The crushing economic recession of 2008 continues to manifest itself on stages across the Bay Area — most recently The Cargo Cult by Mike Daisey gave us joyous visions of corrupt bankers falling into volcanic lava. This time the financial malaise provides more comic fodder with an edge, thanks to Allison Moore’s tight new play Collapse which opened last night in Berkeley.
There is a figurative meaning in the title that extends beyond the economy, companies and marriage.
In 2007 the section of Interstate 35W spanning the Mississippi River collapsed. Given that the bridge carried 150,000 cars across the river every day, it was a miracle that more people were not seriously injured. The juxtaposition of these two events — a tragic disaster and the economic meltdown — amazingly, results in quite an entertaining production.
The play opens with stressed wife, and struggling lawyer Hannah (Carrie Paff) bent over the couch getting a shot of hormones in the butt from her beer guzzling husband David (Gabriel Marin). Times are tough in Minneapolis. In pops Susan, the free spirited sister from L.A. who’s in to “going with the universal flow” and bringing along unwelcome secrets. Later outside the self-help district of town (kind of like the support groups in Fight Club) she runs in to Ted (Aldo Billingslea) who claims to be both a recovering sex addict, and impotent.
“I’m tired of being sad all by myself.”
Nerves are frayed and everyone is operating in a peak neurotically-charged frenzy — with non-stop laughs in tow. There are sit-com like bits at the beginning with well-timed punch lines and gags. Moving briskly the play descends into a dark place. Once the laughing subsides, there is time for reflection, critical self-analysis and possible atonement. Hope here is coated in reality which helps the material and message rise above melodrama.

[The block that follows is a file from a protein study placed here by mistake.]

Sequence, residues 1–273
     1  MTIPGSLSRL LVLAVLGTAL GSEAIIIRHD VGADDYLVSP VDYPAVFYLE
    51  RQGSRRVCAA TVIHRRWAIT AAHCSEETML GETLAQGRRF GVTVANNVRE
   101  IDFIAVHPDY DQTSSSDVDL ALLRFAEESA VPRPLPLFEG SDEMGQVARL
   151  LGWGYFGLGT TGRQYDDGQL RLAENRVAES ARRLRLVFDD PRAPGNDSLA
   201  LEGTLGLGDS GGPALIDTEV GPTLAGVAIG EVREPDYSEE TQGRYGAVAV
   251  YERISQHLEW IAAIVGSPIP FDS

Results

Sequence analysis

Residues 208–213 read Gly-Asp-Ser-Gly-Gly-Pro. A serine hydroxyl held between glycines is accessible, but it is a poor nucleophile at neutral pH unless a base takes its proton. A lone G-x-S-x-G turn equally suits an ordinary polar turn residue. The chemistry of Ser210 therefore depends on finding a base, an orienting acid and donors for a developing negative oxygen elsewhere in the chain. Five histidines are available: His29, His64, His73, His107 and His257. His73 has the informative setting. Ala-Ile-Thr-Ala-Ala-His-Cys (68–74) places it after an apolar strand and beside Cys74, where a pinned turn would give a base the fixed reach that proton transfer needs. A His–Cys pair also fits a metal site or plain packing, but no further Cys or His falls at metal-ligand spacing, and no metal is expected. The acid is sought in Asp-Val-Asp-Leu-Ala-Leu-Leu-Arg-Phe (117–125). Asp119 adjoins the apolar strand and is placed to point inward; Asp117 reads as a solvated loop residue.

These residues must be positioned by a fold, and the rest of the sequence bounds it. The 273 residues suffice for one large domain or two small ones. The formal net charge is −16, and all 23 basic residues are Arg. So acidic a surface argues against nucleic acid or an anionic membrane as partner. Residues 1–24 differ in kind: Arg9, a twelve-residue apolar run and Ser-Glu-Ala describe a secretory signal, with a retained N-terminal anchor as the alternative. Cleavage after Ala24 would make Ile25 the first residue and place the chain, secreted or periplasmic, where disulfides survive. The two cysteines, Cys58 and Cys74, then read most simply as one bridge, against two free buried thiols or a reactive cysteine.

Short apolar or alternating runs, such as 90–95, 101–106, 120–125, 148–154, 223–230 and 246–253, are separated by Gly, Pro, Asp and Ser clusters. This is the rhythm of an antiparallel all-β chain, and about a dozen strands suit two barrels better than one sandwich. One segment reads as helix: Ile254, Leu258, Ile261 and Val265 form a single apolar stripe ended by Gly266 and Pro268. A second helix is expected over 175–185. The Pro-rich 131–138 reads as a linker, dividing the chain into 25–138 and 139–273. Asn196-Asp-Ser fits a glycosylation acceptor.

Should we worry about that which we cannot control?
At 80 minutes (with no intermission) Collapse is a whirlwind of ups and downs. The four characters are cleverly woven into a narrative that carries more than a few twists and surprises. The acting is polished; impressively all four (equity) performers demonstrate a knack for generating laughs while retaining a somber depth that we can all relate to in some way.
Needless to say a bridge figures into the story, and the set (Melpomene Katakalos) features a partial bridge construction that juts out above the thrust stage at Aurora Theatre. It ominously signifies the fears and doubts that hang over this family, and is a striking design.
There are some moments that are just this side of over-the-top perhaps. Hollering, and epiphanies come rapid-fire pace near the play’s end. But the final scene is gentle and very human, and really captures the essence of what moves us (and the country) forward under the most dire of circumstances.
Aurora Theatre Company, Berkeley
3.5 out of 5 stars
by Allison Moore
Directed by Jessica Heidt
Cast: Carrie Paff, Gabriel Marin, Amy Resnik, Aldo Billingslea
Through March 6 ,2011
Photos by David Allen.